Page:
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April 10, 2008

GM maize field trials show 20% yield increases: AfricaBio

Despite the genetically modified (GM) crop debate that continues to rage, the AfricaBio association on April 10 celebrated five years of successful white maize demonstration trials, which recorded average yield increases of over 20%, and went some way to secure a sustainable food supply for emergent farmers.

As global food shortages and escalating food prices continued to make headlines, AfricaBio executive director professor Jocelyn Webster emphasised that Africa could benefit from GM technology, but said that "strict regulatory procedures" were slowing down the adoption.

A shortage of funding for agricultural biotechnology research was also slowing down South African participation in the industry, she said.

South Africa is the only African country commercially growing GM crops, and currently, over 50% of the country's maize, 70% of its soya, and 90% of its cotton that is grown is genetically modified. About 1,8-million ha of GM crops were planted in South Africa in 2007, an increase of 30% from 2006.

Webster affirmed that biotechnology, or technologically enhanced seeds, were not a stand-alone ‘cure-all', and farmers still needed basic agricultural knowledge and good farming practices before technology could help.

"It is important that the technology is used responsibly, safely, and ethically," added AfricaBio chairperson Dr David Keetch. The safety approval mechanism for any GM crop required extensive testing and independent scientific reviews to ensure its safety to human health, and the surrounding environment.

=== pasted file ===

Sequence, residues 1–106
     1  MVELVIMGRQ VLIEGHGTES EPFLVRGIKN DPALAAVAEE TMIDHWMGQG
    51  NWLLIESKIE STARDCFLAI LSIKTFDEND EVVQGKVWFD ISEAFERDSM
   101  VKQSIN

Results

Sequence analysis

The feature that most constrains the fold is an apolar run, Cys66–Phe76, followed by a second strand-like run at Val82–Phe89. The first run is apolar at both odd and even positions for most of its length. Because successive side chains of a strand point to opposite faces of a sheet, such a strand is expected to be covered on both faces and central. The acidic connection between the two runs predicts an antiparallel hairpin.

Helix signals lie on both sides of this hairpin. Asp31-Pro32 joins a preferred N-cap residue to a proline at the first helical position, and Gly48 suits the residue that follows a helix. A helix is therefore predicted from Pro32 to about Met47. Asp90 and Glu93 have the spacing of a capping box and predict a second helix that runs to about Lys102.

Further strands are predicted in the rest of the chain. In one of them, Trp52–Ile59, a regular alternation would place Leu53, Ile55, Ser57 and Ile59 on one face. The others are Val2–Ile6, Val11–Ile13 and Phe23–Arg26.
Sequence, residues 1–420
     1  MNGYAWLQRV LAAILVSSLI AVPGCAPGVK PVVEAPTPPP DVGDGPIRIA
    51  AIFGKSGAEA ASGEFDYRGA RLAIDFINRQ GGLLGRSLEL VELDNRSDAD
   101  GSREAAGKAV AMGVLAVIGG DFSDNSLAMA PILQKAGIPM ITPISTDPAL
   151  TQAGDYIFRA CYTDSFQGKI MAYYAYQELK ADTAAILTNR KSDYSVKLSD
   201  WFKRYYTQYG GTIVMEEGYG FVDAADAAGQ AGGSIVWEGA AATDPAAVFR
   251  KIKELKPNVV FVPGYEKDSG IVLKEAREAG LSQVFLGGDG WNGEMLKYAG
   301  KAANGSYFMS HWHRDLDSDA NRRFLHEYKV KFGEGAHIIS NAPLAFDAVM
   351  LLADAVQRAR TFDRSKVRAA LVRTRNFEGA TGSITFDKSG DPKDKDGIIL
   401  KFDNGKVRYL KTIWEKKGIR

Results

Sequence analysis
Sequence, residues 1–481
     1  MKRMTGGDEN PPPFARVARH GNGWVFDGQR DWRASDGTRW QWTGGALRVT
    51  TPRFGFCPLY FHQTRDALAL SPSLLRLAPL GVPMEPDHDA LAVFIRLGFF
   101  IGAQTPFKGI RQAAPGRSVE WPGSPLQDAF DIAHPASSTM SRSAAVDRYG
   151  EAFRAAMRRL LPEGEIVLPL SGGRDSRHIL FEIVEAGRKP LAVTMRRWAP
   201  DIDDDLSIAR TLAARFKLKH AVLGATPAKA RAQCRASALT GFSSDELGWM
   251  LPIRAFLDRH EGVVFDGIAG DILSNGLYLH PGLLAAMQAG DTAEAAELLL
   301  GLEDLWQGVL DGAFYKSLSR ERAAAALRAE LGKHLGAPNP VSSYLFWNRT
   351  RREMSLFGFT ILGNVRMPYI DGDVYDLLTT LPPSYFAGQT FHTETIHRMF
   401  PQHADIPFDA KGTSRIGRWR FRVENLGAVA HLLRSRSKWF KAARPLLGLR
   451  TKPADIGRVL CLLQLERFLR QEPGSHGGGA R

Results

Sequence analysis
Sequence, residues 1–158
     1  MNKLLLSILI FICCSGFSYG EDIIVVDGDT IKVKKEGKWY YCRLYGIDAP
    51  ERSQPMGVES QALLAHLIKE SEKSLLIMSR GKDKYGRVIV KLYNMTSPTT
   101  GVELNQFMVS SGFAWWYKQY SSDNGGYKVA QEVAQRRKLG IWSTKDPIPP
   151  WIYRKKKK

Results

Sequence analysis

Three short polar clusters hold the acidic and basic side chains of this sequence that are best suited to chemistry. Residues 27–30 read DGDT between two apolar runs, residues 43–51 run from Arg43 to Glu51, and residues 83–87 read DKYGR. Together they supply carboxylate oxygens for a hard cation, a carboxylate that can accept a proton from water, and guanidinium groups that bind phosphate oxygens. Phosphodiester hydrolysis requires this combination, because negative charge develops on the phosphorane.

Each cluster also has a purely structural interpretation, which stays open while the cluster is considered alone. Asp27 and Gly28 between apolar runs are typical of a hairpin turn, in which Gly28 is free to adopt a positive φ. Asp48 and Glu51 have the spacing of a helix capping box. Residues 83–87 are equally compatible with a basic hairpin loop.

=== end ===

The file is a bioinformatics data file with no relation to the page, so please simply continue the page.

AfricaBio is involved in the Southern African Development Community (SADC) countries, with training programmes and workshops for agricultural biotechnology development, and provided assistance to emerging farmers.

The demonstration trials conducted by AfricaBio used a genetically engineered seed making the maize plant less susceptible to the effects of the maize stalkborer - a pest that penetrates the stalk and feeds on the cobs. The project was in collaboration with the National African Farmers Union, the Buhle Farmers academy, Cedara Agricultural college, provincial Departments of Agriculture, and the emergent farmers.

The trials took place on 53 demonstration sites in six provinces, and over the five years cob damage reduced to an average 0,6% in the biotechnology (BT) maize plats, compared with over 14% damage in the conventional plots.

Emergent farmer Motlatsi Musi whose land in Olifantsvlei, in Soweto, was used for the trial explained that his yield had increased by 34%. With the extra money earned from selling the maize, he was able to buy a hammer mill, as well as a tractor, and now milled for his neighbours, thereby earning an extra income.

"A farmer will always look for the cheapest way to produce the best quality and highest yield. Our customers are not scared or worried about eating or buying BT maize," Musi added as he showed journalists his plot, which clearly distinguished BT plants from non-BT plants.

Surrounding farmers who gathered at Musi's farm also indicated an eagerness to plant the GM crops, but it was apparent that an education process of what was involved would need to go along with that.

It was said that a 20 kg bag of GM maize seed was a "couple hundred rand more than a bag of conventional maize," but from the increase of the yields at the end of the day, a small-scale farmer could potentially boost his income by thousands.

Testing of BT crops was taking place throughout Africa, and would likely commercialise in the future. Various African presidents have indicated that the continent would need to increase food production 12-fold to satisfy the needs of the population, and stated that Africa should acquire and adopt biotechnology to meet this requirement.

The next GM trait viewed as potentially having great effect, would be the drought resistant crop, which would still need to be tested in South Africa before being made commercially available.

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